Countries that still have low levels of Untitled HIV infection should avert the epidemic's potential spread, rather than take comfort from current infection rates. The key to success in low-prevalence settings where Untitled HIV is not yet a risk to the wider population is to enable the most vulnerable groups to adopt safer sexual and drug-injecting behaviour, interrupt the virus's spread among and between those groups, and buy time to bolster the wider population's ability to protect itself against the virus.

Untitled
Untitled
Click on figure for a larger image.
Untitled
    View also



This means, first, determining which population groups are at highest risk of infection and, second, mustering the political will to safeguard them against the epidemic. At the same time, it is vital to defuse the stigma and blame so often attached to vulnerable groups and to deepen the wider public's knowledge and understanding of the epidemic.

Young people are a priority on this front. Twenty years into the epidemic, millions of young people know little, if anything, about Untitled HIV/AIDS . According to UNICEF, over 50% of young people (aged 1524) in more than a dozen countries, including Bolivia, Botswana, Cote d'Ivoire, the Dominican Republic, Ukraine, Uzbekistan and Viet Nam, have never heard of Untitled AIDS or harbour serious misconceptions about how Untitled HIV is transmitted. Providing young people with candid information and life skills is a prerequisite for success in any Untitled AIDS response.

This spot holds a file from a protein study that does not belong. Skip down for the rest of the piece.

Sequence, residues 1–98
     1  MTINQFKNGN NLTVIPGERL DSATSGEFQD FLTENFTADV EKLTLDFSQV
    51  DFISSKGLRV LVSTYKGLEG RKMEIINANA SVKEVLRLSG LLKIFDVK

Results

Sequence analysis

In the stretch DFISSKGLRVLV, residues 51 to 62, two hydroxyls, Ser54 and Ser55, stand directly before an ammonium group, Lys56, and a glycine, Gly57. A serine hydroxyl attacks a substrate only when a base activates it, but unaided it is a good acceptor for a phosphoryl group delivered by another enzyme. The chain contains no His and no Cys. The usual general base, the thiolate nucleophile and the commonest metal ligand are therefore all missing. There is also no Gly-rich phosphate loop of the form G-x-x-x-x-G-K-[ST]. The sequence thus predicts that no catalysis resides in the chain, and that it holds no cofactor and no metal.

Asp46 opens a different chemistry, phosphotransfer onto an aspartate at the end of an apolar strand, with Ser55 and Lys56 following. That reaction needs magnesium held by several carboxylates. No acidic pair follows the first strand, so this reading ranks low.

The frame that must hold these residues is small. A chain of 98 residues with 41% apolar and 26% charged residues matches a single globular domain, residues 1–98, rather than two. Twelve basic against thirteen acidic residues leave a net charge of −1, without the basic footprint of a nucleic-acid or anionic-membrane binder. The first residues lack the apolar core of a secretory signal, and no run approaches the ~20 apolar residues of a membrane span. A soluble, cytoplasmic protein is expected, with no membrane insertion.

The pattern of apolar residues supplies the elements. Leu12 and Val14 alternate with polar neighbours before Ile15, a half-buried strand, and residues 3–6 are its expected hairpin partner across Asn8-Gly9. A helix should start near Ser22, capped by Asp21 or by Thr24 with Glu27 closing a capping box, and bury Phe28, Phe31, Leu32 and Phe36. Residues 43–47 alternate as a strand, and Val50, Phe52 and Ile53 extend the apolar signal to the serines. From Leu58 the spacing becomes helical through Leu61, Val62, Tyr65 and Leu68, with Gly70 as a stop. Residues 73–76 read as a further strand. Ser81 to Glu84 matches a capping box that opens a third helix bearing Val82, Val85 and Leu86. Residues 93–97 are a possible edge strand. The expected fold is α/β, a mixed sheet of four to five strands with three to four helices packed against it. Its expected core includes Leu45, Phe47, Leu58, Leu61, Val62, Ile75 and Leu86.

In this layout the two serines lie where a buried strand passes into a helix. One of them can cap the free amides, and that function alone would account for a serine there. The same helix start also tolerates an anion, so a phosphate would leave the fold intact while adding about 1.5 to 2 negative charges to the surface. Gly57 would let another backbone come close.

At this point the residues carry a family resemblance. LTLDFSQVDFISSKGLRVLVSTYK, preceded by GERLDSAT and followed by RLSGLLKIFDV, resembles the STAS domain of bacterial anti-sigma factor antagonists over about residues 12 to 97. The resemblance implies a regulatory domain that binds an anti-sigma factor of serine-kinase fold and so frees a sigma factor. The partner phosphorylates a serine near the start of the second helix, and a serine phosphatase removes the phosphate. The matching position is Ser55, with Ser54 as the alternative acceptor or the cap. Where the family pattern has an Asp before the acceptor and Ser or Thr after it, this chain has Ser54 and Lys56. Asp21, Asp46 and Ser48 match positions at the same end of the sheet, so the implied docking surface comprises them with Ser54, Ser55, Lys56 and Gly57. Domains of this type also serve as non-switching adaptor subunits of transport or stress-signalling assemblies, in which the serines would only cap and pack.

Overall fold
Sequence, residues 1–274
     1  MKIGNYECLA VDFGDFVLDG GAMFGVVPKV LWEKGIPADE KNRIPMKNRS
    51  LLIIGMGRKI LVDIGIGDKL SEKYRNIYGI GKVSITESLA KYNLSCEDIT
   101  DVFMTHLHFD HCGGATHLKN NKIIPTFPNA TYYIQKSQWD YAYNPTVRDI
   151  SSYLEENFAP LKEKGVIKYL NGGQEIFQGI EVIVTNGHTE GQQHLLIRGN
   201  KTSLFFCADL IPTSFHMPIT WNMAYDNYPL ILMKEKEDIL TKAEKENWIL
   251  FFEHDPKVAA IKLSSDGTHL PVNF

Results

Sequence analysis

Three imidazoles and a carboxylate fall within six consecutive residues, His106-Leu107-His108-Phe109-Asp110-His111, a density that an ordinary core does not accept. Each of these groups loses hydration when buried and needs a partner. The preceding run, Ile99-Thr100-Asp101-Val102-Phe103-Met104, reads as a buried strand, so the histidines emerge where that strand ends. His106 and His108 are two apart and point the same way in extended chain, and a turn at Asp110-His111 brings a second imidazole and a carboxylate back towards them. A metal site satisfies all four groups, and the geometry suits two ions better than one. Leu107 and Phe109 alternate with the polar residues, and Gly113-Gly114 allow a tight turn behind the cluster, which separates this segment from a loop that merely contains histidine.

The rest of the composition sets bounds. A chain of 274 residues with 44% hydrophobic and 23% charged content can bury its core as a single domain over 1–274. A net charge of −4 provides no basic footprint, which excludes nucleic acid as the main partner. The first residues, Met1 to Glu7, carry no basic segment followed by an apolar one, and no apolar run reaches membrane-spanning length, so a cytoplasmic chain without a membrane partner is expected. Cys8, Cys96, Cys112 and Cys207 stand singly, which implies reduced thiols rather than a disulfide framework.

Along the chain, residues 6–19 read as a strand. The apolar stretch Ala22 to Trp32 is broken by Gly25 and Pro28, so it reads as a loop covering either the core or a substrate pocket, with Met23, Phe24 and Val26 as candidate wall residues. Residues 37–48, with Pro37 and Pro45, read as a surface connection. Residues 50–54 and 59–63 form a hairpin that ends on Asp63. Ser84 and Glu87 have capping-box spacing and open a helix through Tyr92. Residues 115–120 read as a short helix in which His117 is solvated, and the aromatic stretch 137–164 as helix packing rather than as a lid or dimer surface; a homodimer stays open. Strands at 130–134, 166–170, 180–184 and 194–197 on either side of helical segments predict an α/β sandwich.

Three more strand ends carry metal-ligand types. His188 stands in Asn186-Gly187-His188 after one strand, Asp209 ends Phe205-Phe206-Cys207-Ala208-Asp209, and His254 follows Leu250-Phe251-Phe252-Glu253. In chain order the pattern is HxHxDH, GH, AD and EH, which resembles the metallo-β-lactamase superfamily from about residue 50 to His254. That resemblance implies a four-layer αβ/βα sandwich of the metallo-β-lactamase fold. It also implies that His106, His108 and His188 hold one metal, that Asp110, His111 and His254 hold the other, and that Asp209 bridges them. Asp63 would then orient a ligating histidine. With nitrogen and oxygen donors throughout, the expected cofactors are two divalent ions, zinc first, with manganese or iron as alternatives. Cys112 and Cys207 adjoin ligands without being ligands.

A4 (b): Untitled Reclaiming the future

The impact of the Untitled AIDS epidemic is being increasingly felt in many countries across the world. Southern Africa continues to be the worst affected area, with adult prevalence rates still rising in several countries. But elsewhere, also, in countries often already burdened by huge socioeconomic challenges, Untitled AIDS threatens human welfare, developmental progress and social stability on an unprecedented scale.

The Untitled AIDS epidemic has a profound impact on growth, income and poverty. It is estimated that the annual per capita growth in half the countries of Untitled Sub-Saharan Africa is falling by 0.51.2% as a direct result of Untitled AIDS . By 2010, per capita GDP in some of the hardest hit countries may drop by 8% and per capita consumption may fall even farther. Calculations show that heavily affected countries could lose more than 20% of GDP by 2020. Companies of all types face higher costs in training, insurance, benefits, absenteeism and illness. A survey of 15 firms in Ethiopia has shown that, over a five-year period, 53% of all illnesses among staff were Untitled AIDS -related.

Untitled
Untitled
Click on figure for a larger image.
Untitled
    View also